I’m focused on Cap here, though, so what’s the deal with Cap? Well, in most ways, Cap is Marvel’s Superman. That is, in the D.C. Universe, when people think of the heroic ideal, they think of Superman. He’s the hero every other hero looks up to. He’s the shining light of truth and justice. They all respect the Bat, too, but Superman is the star, the inspiration, he is the Dawn to Batman’s Dusk.
It’s like a friend of mine who complained recently that other grad students were pissed at her for getting the highest score on an exam. She said they acted really childishly after she beat them all and it made her disappointed in her colleagues. Of course, it’s really easy to be righteous when you’re on top, and Superman is so powerful he will always be on top.
In the Marvel Universe, though, it’s Cap. He’s the leader of all heroes. He is the one that inspires them all and the one they all believe in. This is what makes Marvel so great, because its greatest hero, it’s most noble star is really just a man. Captain America, unlike Superman, has no real superpowers. He has a serum that allows him to stay in peak physical condition, as long as he keeps training very hard, but you can cut him and he’ll bleed, he’s not nearly as strong as most characters and all he fights with is a shield.
Yet he is one of the most dangerous and revered fighters in Marvel. Unlike Superman who can’t be stopped, can’t be killed, can’t be hurt, Cap could very easily die out there.
Yes, it’s all fiction, but in terms of the way your imagination responds to these characters, it’s important. Superman finds it easy to be perfect: he has nothing to fear. Captain America is just a man, yet he stays true to his ideals and completely uncompromised, despite the fact that he’s not much tougher than you or me.
And everyone on Marvel’s Earth looks up to him. They love him. Hundreds of heroes with far more raw power and much less to lose would do anything, anything Cap asked them to do. He’s that good. He’s that special.
So why do you feel betrayed?
Because he surrendered.
Captain America surrendered to the Federal Government and called off the Resistance because the actual physical destruction the War was costing actually outweighed, morally, the principled fight about freedom. At least in his mind. That’s completely wrong.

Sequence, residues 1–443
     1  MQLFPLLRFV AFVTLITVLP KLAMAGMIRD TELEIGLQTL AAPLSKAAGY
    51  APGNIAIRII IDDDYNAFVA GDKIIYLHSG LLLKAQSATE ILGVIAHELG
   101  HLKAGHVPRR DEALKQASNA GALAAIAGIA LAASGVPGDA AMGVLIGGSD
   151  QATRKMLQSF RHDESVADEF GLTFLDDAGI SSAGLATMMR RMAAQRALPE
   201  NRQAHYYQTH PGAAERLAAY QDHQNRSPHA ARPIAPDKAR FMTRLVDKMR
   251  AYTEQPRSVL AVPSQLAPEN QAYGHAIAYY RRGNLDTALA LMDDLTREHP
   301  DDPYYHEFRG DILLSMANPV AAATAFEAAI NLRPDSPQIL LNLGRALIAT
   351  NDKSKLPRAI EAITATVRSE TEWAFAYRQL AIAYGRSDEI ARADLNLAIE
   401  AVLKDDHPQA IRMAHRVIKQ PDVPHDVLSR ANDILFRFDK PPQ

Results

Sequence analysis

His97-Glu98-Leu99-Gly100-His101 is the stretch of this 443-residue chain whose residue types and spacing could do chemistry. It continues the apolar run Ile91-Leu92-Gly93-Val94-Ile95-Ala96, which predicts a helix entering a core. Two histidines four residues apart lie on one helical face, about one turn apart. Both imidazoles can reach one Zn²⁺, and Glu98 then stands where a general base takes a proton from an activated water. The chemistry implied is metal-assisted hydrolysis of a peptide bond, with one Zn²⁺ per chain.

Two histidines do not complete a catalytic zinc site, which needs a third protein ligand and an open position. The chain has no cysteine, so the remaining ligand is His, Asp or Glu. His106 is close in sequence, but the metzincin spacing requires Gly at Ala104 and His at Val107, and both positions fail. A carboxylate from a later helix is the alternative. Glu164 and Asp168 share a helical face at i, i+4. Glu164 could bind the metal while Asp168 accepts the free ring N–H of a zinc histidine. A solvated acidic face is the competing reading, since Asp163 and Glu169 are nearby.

Captain America had always been about the ideal and the idea of America. The idea of freedom and equality. How many thousands died, how much destruction was there, over the course of the American Revolution and the real Civil War? If he stood by those Wars, if he fought proudly through World War II, why couldn’t he fight this one out?
Most days, he was an employee of the U.S. Government. But when the Government went to far, he’d bow out. Previously, he’d shed the mantle of Cap in protest, but this time he kept it and used it against an unjust system to lead a principled resistance.
Cap had been right: the Registration Act is wrong. It’s wrong for the U.S. Government to register citizens on the basis of ability. It’s wrong for all heroes to be on file with the Government. It’s wrong for powers to be controlled by Uncle Sam, who could as easily use the heroes for evil as good.
Americans, even Americans that can leap tall buildings with a single bound, should have civil liberties and freedom. That’s worth fighting for and it’s worth waging a war in the streets, even to the point of putting lives at risk and destroying property, to preserve that freedom.
It had to be war. It could not be a political fight. The Government said that heroes had to register or go to jail for life, without a trial. There’s no way a principled person could register first and fight the issue by lobbying and organizing later under those conditions. They had to simply stand up and fight it. They could not register and they could not go to jail.
So they fought, but when the costs started to get too high, when the weight of the battle became too much for Cap’s conscience, Captain America caved in on all he stood for and turned himself in.
I know he’s just a character, but he’s not going to look the same to me anymore after doing that. Captain America let down the idea that’s kept him alive all these years.